Hi! so..I've been thinking hard about WHY exactly I'd want to take law. I was wondering if maybe you could share some of your reasons for deciding to take law, so I can get inspired as to why? #law#attorney#law-school#college#lawyer#major
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Technical Project Manager
Hi Bnc, I am not a lawyer and did not go to law school, but I did choose to take some intro to law classes in college. For me, I was interested in learning more about how laws are made and the reason behind laws. Laws are all around us every day, and I had never taken the time to take a closer look at them. I thought the class was really interesting because we read summaries of cases and supreme court rulings and learned some of the law vocabulary. It helped me to understand the "fine print," contracts, and all sorts of everyday things I hadn't given much thought to before. For instance, you know the caution contents may be hot phrase on coffee cups? That's there because someone sued for getting burnt by their coffee. It sounds silly, but look at the impact that has had in every day life of millions of people! There's also an aspect of law about finding "fair" and the "truth." I have friends that are lawyers because this appeals to them. They want to represent people and help them fight for what's right. Sometimes these people also like to argue or debate with others.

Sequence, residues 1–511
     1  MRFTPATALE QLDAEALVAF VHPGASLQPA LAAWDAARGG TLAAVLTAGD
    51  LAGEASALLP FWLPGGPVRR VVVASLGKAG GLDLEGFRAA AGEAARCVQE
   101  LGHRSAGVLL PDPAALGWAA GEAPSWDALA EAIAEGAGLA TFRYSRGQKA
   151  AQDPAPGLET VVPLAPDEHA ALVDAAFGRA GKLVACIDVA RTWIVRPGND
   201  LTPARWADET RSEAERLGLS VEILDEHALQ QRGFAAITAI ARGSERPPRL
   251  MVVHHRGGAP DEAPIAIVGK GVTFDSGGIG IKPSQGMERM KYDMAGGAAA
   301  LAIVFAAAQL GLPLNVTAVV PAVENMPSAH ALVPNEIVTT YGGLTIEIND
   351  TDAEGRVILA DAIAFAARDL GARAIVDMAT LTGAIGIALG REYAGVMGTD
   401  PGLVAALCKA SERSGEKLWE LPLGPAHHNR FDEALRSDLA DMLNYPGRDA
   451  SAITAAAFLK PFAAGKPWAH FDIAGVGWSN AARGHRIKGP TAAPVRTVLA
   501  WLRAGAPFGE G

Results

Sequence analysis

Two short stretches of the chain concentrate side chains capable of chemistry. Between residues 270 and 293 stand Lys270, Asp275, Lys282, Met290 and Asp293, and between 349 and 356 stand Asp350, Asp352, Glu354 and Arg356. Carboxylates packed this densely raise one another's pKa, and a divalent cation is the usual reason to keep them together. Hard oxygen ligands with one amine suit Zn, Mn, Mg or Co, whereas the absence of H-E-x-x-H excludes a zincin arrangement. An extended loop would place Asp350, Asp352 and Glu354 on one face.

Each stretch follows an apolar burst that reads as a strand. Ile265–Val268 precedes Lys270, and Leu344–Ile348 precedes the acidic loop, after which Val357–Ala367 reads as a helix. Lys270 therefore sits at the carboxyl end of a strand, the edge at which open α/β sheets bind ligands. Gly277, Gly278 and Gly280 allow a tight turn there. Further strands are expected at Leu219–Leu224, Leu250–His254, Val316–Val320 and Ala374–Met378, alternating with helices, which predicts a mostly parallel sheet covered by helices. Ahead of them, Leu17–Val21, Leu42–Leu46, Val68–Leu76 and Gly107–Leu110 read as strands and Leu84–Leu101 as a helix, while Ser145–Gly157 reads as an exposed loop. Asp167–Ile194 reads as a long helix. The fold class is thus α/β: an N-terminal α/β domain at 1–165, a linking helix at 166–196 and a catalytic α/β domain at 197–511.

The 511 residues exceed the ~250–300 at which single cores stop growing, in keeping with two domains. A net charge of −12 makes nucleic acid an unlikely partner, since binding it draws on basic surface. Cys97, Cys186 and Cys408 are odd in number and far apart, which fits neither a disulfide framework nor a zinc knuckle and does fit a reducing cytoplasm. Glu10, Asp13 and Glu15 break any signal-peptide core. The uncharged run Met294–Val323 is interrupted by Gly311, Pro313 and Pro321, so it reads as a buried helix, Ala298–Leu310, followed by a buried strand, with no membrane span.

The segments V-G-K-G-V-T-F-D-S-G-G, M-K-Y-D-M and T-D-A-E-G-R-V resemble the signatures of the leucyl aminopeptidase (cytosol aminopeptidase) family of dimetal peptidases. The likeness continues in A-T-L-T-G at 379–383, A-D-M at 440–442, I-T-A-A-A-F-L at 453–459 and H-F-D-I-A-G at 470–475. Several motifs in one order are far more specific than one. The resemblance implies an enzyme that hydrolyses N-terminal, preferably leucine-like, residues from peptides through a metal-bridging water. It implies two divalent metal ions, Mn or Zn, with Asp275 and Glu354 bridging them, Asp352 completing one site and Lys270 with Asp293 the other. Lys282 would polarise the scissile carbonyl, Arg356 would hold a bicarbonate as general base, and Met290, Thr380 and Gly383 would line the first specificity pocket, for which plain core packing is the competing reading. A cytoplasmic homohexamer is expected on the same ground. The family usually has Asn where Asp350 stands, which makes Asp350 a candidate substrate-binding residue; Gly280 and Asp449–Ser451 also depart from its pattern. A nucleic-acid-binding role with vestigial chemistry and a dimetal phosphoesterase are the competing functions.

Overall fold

I can't answer why you want to take law, but maybe this insight will help you uncover that. Trust your gut instincts!
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Kevin T. Kramer
Kevin T.’s Answer
That's a really good question. I am a lawyer and happy that I chose this career path. I really didn't know what I wanted to do coming out of college, but I did know that I enjoyed school and that I didn't want to go straight into the workforce. I chose to go to law school because law is such a diverse field and you can do just about anything with a legal degree. I'm glad I went because I had a great time in law school. I met friends that I've had for my entire life, and I made great memories during my time in school. I've also had an interesting career and held many different roles. For example, I've worked for the United States Government, the United Nations, a private law firm, and Yahoo! during my career. I've litigated disputes in court, I've counseled clients on their activities, I've worked on detailed agreements and transactions for my clients, and I've lobbied both federal and state regulators and politicians.
I would also say that being a lawyer puts you in the position of helping people solve their problems, which can be motivating and is generally a good thing. For example, I spent a lot of years litigating patent cases for Yahoo!, which I found very interesting, and Yahoo! needed me to resolve those cases for them.